Alright, South Carolina is a good football school. Despite that, I can't
help laughing when I see the way the South Carolina Athletic Department
has expanded on this Gamecock theme.
First of all there is the 'Roost.' This is the dorm complex where all of
the South Carolina student/athletes live. I don't know about you, but if I
was a hotshot high school football player with my pick of colleges, and
some school told me I would be living in the Roost, I'd probably tell them,
"Sorry, but living in a barn is not my idea of a good time."
Okay, so they call their dorm the Roost. I could get used to that in a
couple of years. But with their special weight club, the SC football team
has gone too far. I'll let you try and guess the name first. Think of the
crudest, most obnoxious name possible, remembering that it must con-
tain that special word - cock. I'll bet there are some pretty interesting
names going through your mind right now. Thought long enough? The
strongest players on the South Carolina team are allowed to become
members of the prestigious Iron Cocks Club. Currently, 28 players can
proudly call themselves Iron Cocks.
Come on South Carolina. I think you're taking this cock business a little
too far. I would like to know, though, do these guys wear cups during the
game? If not, I'm sure the Michigan players would love to see the list of
Iron Cocks before Saturday's game.
I'm sure students at South Carolina are used to cock being tacked onto
the end of words all the time, but I wonder how familiar they are with this
Iron Cock Club. I'd love to see the reaction when a smooth-talking 877-
pound offensive tackle approaches some girl in a bar with the line, "Hey
baby, I'm an Iron Cock." It could get ugly.
I will admit that this Iron Cocks Club is pretty funny, and I'm sure the
players get a lot of laughs with it. In fact, I think the South Carolina sports
braintrust could easily come up with a few more titles with cock in them.
For example, how about changing the name of the football stadium
from Williams-Brice Stadium (boring) to The University of South
Carolina Cock Ring. That way they could get the word cock in there while
simultaneously stirring up images of the great South Carolina pastime of
cock fighting.
With the new stadium name, something would have to be done to let the
people of America know that those Fighting Gamecocks mean business.
Of course, I am referring to the future New Year's Day classic - The
Cock Bowl. Once that becomes the most popular bowl game, a huge
plaque will be erected (pardon the expression) commemorating the
South Carolina mascot. It will read something like: "THE HOUSE THAT
After all this talk, I'm really excited about Saturday's game. I think the
only suitable thing to say at this point is: Go Wolverines, whip those

Special to the Daily
DETROIT - Every little thing was
arranged perfectly.
Boston would pummel Toronto. The
Yankees would edge closer to the
Blue Jays, and 46-year-old Phil
Niekro would etch his place in
baseball history with win number 300.
BUT IF Niekro wanted that piece of
history and the Yankees wanted a
pennant, neither wanted it bad enough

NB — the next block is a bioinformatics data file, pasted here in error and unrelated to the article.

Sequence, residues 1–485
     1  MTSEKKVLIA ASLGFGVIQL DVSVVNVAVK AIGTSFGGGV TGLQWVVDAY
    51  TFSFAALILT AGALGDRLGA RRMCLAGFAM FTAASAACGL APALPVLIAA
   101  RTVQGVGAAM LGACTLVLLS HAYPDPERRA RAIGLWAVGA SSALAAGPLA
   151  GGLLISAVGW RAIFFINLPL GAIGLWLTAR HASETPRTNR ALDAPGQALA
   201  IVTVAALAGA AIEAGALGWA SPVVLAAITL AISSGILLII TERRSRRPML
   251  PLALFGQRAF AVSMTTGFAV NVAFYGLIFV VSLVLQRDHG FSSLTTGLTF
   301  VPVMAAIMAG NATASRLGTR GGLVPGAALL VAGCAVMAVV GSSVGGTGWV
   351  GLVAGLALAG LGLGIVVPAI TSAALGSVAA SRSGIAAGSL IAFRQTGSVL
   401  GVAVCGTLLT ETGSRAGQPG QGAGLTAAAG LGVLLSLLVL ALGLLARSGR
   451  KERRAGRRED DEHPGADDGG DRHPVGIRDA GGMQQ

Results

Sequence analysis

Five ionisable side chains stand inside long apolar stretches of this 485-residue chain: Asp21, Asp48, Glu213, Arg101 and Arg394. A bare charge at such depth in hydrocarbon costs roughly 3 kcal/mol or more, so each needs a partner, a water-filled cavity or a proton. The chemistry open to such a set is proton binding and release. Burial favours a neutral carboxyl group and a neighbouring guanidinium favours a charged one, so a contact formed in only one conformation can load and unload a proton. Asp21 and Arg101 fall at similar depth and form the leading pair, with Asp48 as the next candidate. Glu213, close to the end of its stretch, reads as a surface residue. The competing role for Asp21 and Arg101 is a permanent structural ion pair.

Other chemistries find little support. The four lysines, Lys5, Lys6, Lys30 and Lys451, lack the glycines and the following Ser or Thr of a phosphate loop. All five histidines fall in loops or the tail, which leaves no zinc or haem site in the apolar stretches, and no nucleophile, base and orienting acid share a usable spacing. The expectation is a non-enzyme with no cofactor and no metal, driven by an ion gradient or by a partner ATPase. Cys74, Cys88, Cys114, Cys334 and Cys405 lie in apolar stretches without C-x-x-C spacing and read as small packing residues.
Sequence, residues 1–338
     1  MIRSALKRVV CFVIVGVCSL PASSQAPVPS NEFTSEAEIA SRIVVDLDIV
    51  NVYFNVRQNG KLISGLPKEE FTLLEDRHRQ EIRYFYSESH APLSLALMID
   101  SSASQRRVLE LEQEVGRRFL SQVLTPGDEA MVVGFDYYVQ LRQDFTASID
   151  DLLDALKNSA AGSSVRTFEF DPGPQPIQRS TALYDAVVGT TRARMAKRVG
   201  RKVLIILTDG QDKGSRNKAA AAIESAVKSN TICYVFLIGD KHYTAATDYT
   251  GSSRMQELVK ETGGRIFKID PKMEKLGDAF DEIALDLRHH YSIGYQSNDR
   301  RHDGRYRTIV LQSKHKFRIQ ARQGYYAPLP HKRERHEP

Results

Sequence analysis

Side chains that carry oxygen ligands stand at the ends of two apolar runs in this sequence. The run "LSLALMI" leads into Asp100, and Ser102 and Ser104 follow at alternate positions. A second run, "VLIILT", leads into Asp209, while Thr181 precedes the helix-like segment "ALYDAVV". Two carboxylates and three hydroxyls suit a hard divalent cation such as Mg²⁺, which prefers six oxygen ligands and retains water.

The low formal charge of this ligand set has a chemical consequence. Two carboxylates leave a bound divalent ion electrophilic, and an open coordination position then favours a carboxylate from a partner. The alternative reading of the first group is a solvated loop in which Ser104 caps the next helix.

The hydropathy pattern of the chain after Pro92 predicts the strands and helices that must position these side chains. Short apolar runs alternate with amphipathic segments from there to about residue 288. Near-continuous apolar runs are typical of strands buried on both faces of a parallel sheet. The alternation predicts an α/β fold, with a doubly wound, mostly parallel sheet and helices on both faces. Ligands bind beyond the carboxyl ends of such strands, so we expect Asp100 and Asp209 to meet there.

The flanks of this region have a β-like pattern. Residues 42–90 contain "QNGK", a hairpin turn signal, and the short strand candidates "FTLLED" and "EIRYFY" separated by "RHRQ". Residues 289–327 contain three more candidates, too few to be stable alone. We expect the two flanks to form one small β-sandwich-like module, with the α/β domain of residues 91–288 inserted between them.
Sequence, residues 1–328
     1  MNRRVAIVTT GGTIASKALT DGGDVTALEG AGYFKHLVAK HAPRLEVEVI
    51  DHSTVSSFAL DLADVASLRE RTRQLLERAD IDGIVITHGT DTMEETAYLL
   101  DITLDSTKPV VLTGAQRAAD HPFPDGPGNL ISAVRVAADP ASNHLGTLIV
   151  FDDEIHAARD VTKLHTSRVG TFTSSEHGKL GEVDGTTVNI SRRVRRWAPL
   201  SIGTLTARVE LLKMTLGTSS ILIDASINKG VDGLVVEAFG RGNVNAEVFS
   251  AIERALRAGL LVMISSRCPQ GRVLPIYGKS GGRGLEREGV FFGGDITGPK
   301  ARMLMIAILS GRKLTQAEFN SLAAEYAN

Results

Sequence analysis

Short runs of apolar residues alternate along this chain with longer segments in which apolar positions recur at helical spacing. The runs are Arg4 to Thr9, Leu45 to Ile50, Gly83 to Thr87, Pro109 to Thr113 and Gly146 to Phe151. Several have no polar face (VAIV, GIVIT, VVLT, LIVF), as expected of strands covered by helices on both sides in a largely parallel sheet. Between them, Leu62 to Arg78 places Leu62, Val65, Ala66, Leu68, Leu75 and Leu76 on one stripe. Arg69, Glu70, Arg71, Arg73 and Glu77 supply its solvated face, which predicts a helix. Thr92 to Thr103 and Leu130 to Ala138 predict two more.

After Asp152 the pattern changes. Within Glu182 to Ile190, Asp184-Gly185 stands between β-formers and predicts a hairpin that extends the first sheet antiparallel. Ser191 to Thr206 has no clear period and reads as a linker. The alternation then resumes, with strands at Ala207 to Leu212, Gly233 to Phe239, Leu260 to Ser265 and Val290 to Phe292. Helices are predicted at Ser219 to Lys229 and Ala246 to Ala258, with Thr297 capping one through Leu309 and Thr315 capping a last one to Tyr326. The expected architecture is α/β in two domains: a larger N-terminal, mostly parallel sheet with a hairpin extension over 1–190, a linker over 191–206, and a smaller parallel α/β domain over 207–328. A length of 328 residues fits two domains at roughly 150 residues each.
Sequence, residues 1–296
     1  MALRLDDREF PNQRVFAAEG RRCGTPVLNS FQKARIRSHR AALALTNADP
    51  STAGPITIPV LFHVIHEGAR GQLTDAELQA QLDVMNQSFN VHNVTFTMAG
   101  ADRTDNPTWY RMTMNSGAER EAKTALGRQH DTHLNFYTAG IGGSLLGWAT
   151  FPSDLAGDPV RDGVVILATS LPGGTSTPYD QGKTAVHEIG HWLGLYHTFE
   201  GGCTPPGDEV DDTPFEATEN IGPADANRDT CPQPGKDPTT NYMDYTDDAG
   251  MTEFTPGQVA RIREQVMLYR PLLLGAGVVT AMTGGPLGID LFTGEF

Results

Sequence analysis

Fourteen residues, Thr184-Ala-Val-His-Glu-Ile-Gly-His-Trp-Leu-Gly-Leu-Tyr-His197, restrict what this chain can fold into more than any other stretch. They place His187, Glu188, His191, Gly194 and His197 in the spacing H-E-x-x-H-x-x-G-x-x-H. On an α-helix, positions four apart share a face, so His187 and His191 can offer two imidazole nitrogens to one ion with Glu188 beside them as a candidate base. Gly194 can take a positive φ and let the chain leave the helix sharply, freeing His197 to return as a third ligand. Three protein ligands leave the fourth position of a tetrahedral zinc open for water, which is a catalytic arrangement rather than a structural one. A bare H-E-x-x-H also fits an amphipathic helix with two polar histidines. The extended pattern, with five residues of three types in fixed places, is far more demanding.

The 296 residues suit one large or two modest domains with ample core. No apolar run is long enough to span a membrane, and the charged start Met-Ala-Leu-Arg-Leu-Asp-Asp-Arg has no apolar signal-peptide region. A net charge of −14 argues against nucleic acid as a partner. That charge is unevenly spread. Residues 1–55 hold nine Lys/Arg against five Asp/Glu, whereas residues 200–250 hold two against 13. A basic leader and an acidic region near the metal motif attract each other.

last night at Tiger Stadium, as the
Roar of '84 returned for an evening
and the Tigers dumped the, second
place Yankees, 5-2.
Tiger pitcher Mickey Mahler, 1-2,
came on in relief of a dismal Juan
Berenguer with one out in the first in-
ning and completely miffed New York
the rest of the way.
Meanwhile, after tying the game in
the bottom of the first on back-to-back
homers by Kirk Gibson and Darrell
Evans, Detroit needed just one inning
to dispose of the hapless Yanks.

EVANS LACED his second hit of the
night to right field in the sixth, advan-
ced on a passed ball, and scored the
winning run on a Johnny Grubb up-
the-middle single.
Before the rally ended, the Tigers
made it 4-2 and iced the game in the
eighth inning on Nelson Simmons' up-
per-deck shot.
Niekro, whose career mark is now
299-249, just wasn't sharp enough. The
Yankees handed the gray haired one a
2-0 lead in the first, as Rickey Hender-
son and Ken Griffey teed off on
Berenguer. Griffey singled home
Henderson, who had tripled to open
the game, and Detroit was quickly
down 2-0 when Dave Winfield knocked
in Griffey.
But once Mahler stepped on the
mound, the Bronx Bombers fizzled.
The San Antonio native fanned six
Yankees in seven and two-thirds in-
nings, as New York could scratch but
one hit off Mahler after the first
The loss pushed Niekroas close to
300 wins as he is to 250 defeats. And
New York booted a glaring oppor-
tunity to gain ground on Toronto, as
Boston crushed the Blue Jays, 13-1.

Associated Press
Yankee hurler Phil Niekro throws a knuckleball in the first inning of last
night's 5-2 loss to the Tigers. Nilekro was unsuccessful in his bid to win his
300th career victory.

Haji-Sheik h
The New York Giants yesterday said
that former Michigan place-kicker Ali
Haji-Sheikh has been placed on the in-
jured reserve list because of a
recurring hamstring injury in his left
The Giants signed University of
Maryland place-kicker Jess Atkinson
on Tuesday, but team officials refused
to comment on the status of Haji
Sheikh, who reinjured the hamstring
muscle and missed a 47-yard field
goal attempt late in Sunday's 23-20
National Football League loss to
Green Bay.
GIANTS Coach Bill Parcells said
Haji-Sheikh was moved to the injured
reserve list Tuesday.
"I think it was the right decision;
otherwise, I would just go on and keep
pulling it every other week," said
Haji-Sheikh who will be sidelined for
four weeks.
Your best buy!
322 S. State St.


" Two convenient campus locations
" Eleven NBD 24-hour Banker
" Experienced help with
Guaranteed Student Loans
" No-service-charge checking with
$299 minimum statement
balance; $5 monthly service fee



Back to Top

© 2020 Regents of the University of Michigan